Big Boi 101

With the announcement last week that Big Boi would headline this year’s Large Scale Event came some surprise, relief that we actually have LSE this year, and at least a couple blank stares and hesitant comments: “Who?”

A grunted “He’s one half of Outkast” usually clears up any uncertainties and appropriately shames the questioner, but only stresses how popular recognition for BB’s recent solo work — that is, recognition beyond an “Oh, that song” as the bassline of “Shutterbugg” kicks in — remains elusive. Strange, for the first line on BB’s new album — “If y’all don’t know me by now / Y’all ain’t gon’ never know me” — should, at this point, be more statement of fact than boast. In preparation for BB’s April 6th show, here’s an inventory of some of the essential tracks from his two solo albums.


Sir Lucious Left Foot: The Son of Chico Dusty: Released July 5, 2010


Shutterbugg ft. Cutty


Big Boi’s only real “hit” as a solo artist, “Shutterbugg” is compressed, reverberating drum machine, a stuttering vocal bassline, intermittent stabbing space-synths, chicken-scratch guitar work, and not much else, leaving Big Boi space in the dense future-funk to do his thing. Cutty croons the simple R&B hook at the song’s core, but otherwise BB is left home free.


General Patton ft. Big Rube


Massive, Verdi-sampling beat brings out the Southern hip-hop breakdown lingering dormant in (one can only imagine) all Romantic opera, but Big Boi’s here for more than just the ride, touching on everything from the power of Christ to (this is most of it) how shitty his competitors are. “Another battle won,” Big Rube confirms as the song winds down, and the General “rides off into the horizon of infinite regression, victorious.”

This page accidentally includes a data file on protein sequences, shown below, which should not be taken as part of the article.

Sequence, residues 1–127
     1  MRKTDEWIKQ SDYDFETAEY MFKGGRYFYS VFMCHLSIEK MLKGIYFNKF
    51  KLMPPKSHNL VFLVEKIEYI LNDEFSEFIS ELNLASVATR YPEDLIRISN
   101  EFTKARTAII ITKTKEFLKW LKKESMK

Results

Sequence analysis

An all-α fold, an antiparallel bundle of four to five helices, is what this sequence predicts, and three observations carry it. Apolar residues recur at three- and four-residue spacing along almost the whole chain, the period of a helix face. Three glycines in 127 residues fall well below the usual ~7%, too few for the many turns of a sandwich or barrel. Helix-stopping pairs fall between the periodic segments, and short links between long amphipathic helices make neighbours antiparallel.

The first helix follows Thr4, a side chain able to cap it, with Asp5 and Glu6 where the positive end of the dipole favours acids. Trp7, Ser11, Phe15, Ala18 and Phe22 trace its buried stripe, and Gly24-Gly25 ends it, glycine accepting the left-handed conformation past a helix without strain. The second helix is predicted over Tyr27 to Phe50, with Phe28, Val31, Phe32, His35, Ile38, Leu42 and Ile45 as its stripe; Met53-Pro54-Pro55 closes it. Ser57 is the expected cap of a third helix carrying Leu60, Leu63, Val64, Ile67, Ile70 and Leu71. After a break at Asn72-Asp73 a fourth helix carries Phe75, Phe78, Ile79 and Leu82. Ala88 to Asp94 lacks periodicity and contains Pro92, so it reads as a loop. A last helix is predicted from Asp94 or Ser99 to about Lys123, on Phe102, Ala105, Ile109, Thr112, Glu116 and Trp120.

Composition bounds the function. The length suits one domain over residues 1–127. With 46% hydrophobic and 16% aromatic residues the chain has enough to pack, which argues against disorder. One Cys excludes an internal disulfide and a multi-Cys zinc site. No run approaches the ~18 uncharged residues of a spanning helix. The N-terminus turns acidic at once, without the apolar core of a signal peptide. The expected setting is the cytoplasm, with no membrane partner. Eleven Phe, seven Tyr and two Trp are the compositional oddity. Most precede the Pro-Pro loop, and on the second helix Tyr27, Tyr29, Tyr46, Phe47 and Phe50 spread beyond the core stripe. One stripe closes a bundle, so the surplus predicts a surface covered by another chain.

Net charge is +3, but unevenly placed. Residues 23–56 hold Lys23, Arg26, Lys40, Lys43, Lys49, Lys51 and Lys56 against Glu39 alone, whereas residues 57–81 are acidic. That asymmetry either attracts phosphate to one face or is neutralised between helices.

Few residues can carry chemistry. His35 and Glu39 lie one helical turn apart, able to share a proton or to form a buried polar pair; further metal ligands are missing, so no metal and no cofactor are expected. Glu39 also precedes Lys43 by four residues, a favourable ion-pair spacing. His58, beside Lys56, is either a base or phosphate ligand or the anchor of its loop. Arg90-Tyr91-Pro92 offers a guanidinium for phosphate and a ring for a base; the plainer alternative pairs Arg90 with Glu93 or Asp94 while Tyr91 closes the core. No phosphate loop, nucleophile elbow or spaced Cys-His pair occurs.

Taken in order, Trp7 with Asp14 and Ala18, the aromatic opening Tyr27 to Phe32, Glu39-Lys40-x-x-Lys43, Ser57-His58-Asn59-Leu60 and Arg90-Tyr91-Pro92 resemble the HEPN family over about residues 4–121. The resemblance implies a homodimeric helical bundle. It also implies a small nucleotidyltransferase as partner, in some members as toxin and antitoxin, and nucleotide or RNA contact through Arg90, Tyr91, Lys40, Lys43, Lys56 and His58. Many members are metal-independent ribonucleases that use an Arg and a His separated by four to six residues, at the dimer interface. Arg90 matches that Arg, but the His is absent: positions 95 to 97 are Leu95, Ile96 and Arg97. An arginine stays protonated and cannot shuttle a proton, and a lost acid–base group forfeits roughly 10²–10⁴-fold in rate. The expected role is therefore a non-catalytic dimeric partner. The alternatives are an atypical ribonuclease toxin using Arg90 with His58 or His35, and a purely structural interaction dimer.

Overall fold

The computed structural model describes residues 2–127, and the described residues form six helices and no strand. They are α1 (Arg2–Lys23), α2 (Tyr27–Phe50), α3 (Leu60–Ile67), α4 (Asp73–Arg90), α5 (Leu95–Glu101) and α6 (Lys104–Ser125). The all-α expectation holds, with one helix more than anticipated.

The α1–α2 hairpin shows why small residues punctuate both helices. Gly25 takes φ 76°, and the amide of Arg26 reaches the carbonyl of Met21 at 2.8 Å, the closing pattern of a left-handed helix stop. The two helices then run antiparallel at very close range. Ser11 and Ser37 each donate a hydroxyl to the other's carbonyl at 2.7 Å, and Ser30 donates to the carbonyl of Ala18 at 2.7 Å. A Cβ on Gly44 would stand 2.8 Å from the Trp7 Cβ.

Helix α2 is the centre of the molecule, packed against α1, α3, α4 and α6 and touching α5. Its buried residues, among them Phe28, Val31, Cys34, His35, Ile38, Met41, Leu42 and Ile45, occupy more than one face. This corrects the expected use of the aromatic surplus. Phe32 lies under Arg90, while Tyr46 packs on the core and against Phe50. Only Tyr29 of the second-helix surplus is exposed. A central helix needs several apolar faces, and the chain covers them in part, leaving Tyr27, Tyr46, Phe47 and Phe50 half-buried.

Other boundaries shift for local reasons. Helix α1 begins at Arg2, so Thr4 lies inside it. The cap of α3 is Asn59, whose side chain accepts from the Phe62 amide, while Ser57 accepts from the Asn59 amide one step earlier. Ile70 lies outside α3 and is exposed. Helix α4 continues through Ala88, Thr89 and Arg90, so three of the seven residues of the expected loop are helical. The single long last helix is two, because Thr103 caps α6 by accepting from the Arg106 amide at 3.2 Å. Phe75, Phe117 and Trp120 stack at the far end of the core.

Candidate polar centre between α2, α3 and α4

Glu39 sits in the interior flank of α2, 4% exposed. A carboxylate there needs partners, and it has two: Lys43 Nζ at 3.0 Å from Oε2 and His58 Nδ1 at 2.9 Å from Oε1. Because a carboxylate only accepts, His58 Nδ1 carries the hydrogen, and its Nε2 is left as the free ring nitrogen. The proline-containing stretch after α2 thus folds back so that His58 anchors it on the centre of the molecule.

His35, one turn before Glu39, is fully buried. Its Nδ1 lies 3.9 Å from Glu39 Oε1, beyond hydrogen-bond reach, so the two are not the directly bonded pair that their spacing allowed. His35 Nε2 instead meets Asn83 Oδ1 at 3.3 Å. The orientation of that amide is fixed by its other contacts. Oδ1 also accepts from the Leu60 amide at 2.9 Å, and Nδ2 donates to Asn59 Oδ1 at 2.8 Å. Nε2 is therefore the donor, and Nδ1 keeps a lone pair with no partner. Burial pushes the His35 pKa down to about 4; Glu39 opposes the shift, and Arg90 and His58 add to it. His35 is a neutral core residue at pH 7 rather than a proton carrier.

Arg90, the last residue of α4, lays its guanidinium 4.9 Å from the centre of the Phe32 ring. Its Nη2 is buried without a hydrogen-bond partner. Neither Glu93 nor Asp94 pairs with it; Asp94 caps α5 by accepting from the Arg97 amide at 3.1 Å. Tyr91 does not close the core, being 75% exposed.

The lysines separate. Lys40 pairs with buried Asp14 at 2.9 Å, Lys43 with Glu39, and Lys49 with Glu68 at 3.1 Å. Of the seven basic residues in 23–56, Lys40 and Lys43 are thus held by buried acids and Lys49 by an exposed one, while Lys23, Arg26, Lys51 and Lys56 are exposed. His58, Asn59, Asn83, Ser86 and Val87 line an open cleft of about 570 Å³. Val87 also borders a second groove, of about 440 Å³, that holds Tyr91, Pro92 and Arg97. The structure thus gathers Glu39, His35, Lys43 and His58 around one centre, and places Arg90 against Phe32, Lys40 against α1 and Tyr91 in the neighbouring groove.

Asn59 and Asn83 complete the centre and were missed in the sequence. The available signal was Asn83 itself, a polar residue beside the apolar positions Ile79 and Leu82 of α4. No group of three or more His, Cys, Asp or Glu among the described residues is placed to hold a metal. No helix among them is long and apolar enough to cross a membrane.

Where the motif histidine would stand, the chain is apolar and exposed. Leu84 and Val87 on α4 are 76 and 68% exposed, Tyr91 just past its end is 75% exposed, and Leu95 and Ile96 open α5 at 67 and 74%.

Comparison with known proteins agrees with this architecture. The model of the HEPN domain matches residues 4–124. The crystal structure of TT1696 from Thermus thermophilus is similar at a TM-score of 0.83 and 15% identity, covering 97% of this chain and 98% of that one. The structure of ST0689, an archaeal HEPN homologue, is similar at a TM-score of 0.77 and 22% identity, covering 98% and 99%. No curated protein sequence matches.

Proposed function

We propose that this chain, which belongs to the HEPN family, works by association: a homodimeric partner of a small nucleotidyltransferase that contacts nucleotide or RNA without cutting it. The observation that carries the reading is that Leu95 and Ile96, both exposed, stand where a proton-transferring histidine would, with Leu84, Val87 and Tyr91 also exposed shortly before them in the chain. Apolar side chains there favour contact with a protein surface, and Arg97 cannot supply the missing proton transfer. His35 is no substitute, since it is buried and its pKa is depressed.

Be Still ft. Janelle Monae


Janelle Monae delivers one of the most memorable hooks on SLLF over sparkling, twangy synths and laid back snare claps and plodding piano chords and cheesily cascading MIDI effects. Big Boi only delivers one verse — precise and inventive but deliberately modest, yielding the floor to the momentary star of the show.


Vicious Lies and Dangerous Rumors: Released December 11, 2012


Apple Of My Eye


The kind of insistent funk that wouldn’t be out of place on, well, an Outkast album, with blistering horns, guitar curlicues, and a strangely infectious hook. It’s a moment of familiarity before a plunge into territory more foreign to Big Boi — even Wavves makes a guest appearance, albeit not one you’ll really want to listen to — and one to return to after some of the weaker attempts fade away.


In the A ft. TI and Ludacris


Rumbling, insistently serious horns drive this unapologetically anthemic beat, with sinister digital strings and plunging synth bass, while T.I., Big Boi, and Ludacris deliver uniformly ridiculous verses in honor of their shared hometown, Atlanta.


Thom Pettie ft. Little Dragon & Killer Mike


One of the odder tracks on VLDR, with virtually every branch of the album’s dizzying eclecticism compressed into three and a half minutes, strung together with the core refrain “Thom Pettie that ho ho ho ho,” an undulating synth bass loop, and essentially non-stop moaning from Swedish electronic group Little Dragon. LD also contribute a slinky pop chorus, both utterly out of place and weirdly natural, which fades into an overdriven guitar solo before Killer Mike tears it all down.

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